For the past two months, the Arizona Capitol Times and the Arizona Center for Investigative Reporting have sifted through the more than 2.3 million votes cast in the 2012 election, with the goal of offering readers a deeper understanding of how Arizona voted. From close races, like the fight over Arizona’s 2nd Congressional District, to strange voting patterns in Colorado City, our “Mapping the Vote” project showed why some races turned out as they did, what factors led to victories or defeats and how some of the details in the election results can say a lot more about groups of voters than simply who they elected. But something else became clear during the project. While this type of analysis takes a lot of time and resources, it shouldn’t be made more difficult because of inconsistencies in the way the data is organized and structured — or because of how state and county election officials make data available.
The majority of Arizona’s 15 counties used one election data reporting system, but not all of them. The result was data organized differently enough to prevent statewide analysis for certain types of election data.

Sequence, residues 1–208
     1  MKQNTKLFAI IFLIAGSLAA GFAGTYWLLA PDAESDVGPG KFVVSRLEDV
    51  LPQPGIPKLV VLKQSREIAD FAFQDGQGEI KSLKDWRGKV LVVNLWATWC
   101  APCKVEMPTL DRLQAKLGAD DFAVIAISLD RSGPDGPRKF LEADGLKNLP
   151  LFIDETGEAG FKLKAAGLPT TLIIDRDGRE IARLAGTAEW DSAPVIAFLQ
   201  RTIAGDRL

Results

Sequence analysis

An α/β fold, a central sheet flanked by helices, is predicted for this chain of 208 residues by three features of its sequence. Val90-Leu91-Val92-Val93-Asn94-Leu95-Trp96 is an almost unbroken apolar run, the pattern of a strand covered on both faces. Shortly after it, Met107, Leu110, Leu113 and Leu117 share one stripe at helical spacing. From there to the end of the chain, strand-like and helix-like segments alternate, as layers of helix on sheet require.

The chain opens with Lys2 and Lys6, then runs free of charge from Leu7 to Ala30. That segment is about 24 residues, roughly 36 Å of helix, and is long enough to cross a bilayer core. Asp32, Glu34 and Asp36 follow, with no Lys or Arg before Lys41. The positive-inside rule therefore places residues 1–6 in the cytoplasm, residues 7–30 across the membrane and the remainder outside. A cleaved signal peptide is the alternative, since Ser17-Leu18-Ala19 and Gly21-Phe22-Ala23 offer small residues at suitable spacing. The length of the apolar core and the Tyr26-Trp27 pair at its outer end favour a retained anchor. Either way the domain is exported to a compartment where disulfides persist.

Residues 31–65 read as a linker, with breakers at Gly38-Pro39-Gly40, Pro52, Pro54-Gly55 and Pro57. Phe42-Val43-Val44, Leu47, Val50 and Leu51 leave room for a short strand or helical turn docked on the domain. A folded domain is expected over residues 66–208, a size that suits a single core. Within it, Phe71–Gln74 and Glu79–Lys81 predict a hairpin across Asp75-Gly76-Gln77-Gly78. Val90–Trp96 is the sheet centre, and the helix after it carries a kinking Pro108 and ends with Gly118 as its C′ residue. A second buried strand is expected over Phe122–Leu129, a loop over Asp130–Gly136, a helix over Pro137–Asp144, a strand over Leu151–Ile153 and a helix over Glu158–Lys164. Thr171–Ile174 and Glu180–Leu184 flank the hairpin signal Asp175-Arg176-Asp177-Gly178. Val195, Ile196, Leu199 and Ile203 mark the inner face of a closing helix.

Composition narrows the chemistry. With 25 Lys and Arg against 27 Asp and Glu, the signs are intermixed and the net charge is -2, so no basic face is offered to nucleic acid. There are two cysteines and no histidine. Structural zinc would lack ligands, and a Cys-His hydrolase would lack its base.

In a state that saw high numbers of provisional votes cast, for example, variations in the way provisional ballot data was organized stifled a comparative analysis across all counties.
Even within the reporting system used by most counties, there were variations in how final canvass reports were structured, while still meeting the state’s reporting requirements.
Sean Greene, the election initiatives research manager at Pew Charitable Trusts, argues that structuring election data in a uniform manner should be just as important as other government data, such as statistics in public health. This information is routinely made available to the public because there has been a recognition that the public benefits from having it.
The same attitude should be applied to election data.